Long since converted to “that friend” who borrows a horse for the occasional weekend ride, I still enjoy the occasional chance to attend clinics with top professionals in any capacity I can, especially when it has anything to do with jumping.
Recently I came across Event Clinics, a new website that lists all the clinics in any Area with top riders. Seriously, it reads like the Dream Team for eventing. Jimmy Wofford, Lucinda Green, David O’Connor, Phyllis Dawson, Stephen Bradley? Sigh my up!
The Event Clinics app is pretty cool – it’s mobile friendly and lets you register to ride or audit in any clinic with any top rider at any facility. (Assuming the Organizer put the clinic in the Event Clinics calendar, which takes just a couple minutes.) In a few minutes I could find all the details I needed on a slew of clinics and register to ride or audit for any of them.
I opted to audit Phyllis Dawson’s cross-country clinic on July 8. Aside from being the top placed America rider at the 1988 Seoul Olympics and having gone around Rolex more than 20 times, Phyllis is the VP of Education for USEA and an ICP IV certified instructor.
The clinic was held out at Windchase in Purcellville VA, where Phyllis has run a boarding, training, and breeding operation for more than 25 years. Driving up the driveway was your typical Secret Garden experience: corridor of trees arching over the driveway, weeping willow trees by the lake, handsome foals in the pasture.
For this one-day clinic, riders from Starter to Preliminary were organized in small groups of 3-5 riders. I got there a few minutes early, just in time to watch the first clinic session warm up in the outdoor jump ring. They trotted out to one of the several cross country fields Phyllis has on the property.
Phyllis started each group by getting familiar with the various riders and their horses. She asked the riders to summarize their recent cross-country experience and encouraged them to ask questions as the clinic progressed.
It was fascinating to watch was how Phyllis emphasized consistent points for each group, but customized her advice to each rider. It was a treat to watch the “aha!” moments as riders figured out what Phyllis was explaining.
Phyllis first asked riders to jump a log in both directions, then a curving line of two logs. With one rider on a hot young Thoroughbred, she had her circle on a 20 meter circle jumping just one log until both the rider and horse visibly relaxed.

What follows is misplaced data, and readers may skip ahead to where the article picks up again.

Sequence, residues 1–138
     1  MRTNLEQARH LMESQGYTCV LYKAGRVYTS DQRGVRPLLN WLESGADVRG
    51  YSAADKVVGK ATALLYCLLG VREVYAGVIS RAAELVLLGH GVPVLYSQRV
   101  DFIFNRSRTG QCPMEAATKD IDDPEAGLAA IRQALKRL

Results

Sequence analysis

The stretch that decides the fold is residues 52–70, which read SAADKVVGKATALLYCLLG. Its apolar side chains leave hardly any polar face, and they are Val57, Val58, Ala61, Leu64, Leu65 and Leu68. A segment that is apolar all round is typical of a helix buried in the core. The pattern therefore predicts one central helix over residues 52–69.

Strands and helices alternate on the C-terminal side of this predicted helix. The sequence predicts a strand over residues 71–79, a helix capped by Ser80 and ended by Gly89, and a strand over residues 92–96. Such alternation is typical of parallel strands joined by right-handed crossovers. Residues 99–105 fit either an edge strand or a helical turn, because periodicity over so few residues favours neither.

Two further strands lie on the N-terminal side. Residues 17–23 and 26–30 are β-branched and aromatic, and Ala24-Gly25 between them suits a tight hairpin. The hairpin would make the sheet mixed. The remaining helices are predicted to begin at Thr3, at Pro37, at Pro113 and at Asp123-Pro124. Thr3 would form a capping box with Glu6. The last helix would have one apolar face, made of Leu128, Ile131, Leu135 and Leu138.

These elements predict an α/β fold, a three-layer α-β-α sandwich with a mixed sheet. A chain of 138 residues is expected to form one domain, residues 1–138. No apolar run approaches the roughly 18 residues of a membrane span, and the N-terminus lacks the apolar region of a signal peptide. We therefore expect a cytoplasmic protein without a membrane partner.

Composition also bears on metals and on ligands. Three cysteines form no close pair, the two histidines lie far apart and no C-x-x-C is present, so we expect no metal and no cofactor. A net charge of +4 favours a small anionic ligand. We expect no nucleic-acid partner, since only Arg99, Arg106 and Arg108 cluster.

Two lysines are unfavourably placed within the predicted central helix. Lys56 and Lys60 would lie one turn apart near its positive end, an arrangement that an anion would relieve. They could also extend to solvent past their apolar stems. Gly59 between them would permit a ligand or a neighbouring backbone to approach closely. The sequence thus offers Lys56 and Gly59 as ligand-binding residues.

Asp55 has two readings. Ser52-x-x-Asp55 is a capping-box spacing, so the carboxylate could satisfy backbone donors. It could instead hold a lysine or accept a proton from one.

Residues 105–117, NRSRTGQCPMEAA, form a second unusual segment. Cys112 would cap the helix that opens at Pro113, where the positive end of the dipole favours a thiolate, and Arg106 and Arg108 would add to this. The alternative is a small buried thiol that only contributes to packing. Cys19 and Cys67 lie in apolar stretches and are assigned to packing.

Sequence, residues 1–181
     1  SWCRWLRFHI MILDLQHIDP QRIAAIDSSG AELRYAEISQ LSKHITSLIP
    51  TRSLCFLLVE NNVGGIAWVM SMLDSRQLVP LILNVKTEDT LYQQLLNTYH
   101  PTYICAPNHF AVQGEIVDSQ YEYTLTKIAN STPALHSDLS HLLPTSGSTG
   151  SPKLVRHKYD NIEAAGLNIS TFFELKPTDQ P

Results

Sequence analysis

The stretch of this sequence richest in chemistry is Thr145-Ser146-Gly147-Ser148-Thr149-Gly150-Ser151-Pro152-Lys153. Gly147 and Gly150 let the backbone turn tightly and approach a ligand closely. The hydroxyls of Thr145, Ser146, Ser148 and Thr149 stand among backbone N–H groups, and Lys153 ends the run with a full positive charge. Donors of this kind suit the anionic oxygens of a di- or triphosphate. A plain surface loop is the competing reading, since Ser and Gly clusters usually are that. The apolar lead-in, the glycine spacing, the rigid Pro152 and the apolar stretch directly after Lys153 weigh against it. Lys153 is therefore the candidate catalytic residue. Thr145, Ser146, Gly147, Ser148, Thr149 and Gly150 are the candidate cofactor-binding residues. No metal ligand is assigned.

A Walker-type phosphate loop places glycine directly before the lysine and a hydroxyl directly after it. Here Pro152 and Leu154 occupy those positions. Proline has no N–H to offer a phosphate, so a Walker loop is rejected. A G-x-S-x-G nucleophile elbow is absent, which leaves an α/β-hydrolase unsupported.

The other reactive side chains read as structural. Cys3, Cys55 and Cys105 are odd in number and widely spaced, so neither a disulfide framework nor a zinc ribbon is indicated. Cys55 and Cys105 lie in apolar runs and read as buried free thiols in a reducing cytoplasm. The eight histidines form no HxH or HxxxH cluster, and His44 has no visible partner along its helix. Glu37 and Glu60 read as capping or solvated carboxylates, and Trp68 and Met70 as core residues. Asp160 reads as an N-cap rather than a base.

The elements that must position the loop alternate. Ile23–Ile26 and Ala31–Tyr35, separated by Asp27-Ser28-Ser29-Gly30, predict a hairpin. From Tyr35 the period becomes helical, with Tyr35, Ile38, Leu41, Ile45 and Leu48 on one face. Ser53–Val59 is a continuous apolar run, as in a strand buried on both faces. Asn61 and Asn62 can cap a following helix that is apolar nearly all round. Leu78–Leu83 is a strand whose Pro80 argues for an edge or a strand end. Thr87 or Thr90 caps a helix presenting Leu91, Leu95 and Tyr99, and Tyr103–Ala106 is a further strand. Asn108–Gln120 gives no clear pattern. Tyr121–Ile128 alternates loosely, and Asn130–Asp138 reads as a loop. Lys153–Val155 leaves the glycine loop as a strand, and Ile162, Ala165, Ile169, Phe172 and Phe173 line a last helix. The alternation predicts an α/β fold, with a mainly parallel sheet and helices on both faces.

At the same time, she explained to another rider on a balky warmblood that an exercise that erred into tight turns could encourage balking in that particular horse. Instead, that rider was to use gradual turns and send the horse forward for each exercise. By the end of the first session the balky horse (and rider) were merrily jumping combinations away from the group as if they had done it for years.
After riders worked on turns and lines, they progressed to jumps on slight hills to give the riders practice jumping up and down hill — which turned out to be good introduction for the bank jump later on. She reminded riders in one session, “the half halt is NOT a gait! You don’t maintain it for 20 strides!”
With each group, she reminded riders that the deliberate pace before and after the jump was critical, particularly as they advanced up the levels. She explained that visible hesitation going into the fence and racing off afterwards needed to be resolved before it developed into a serious problem.
A consistent theme throughout each group was self-evaluation. Phyllis pointed out, “When your horse stops, you have to ask yourself: Is he in front of the leg, did he stall? Or is he scared and not trusting me? Have I have put enough positive credit in the bank?”
After the riders had successfully jumped up and down hill, she had them jump a picture frame jump. I’m pretty sure for most of the riders, regardless of the session level, it was their first time through a picture frame! Phyllis explained with a chuckle that it was not uncommon for horses to flatten their ears sideways as they went through, regardless of the overhead height.
She commented that every time a rider jumps a horse off balance or crooked, it can cause the horse to lose confidence. The more times with a young horse you can “put a deposit in the bank,” the less likely you are to have a problem when the approach becomes a little more challenging, she noted.
Riders had a lot more problems with the next exercise than one might expect. They jumped a series of inviting logs, with instructions to keep the horses trotting in between.
Most of the horses really wanted to rush through, or at least canter the combinations. But with encouragement and a few repetitions all progressed nicely to listening to their riders. Again, the emphasis on deliberate speed and effective half-halts was noted.
As the riders moved over to work on ditches. Phyllis assigned lead horses to riders that looked a little nervous about the ditch, then had them go through alone once they were confident problems would not ensue.
After the ditch the groups went over to the water jump complex in another area of the property. There they finished the session with water introduction and up/down banks as appropriate. In each session, all of horses appeared quite comfortable walking into the lake, which surprised me. Usually there is at least one drama horse!
Overall, the clinic tone was fun and supportive. Riders were grinning as they ended each group. If you’re like me and appreciate the insight a clinic with a top trainer provides, you’ll find the calendar at Event Clinics to be a great resource.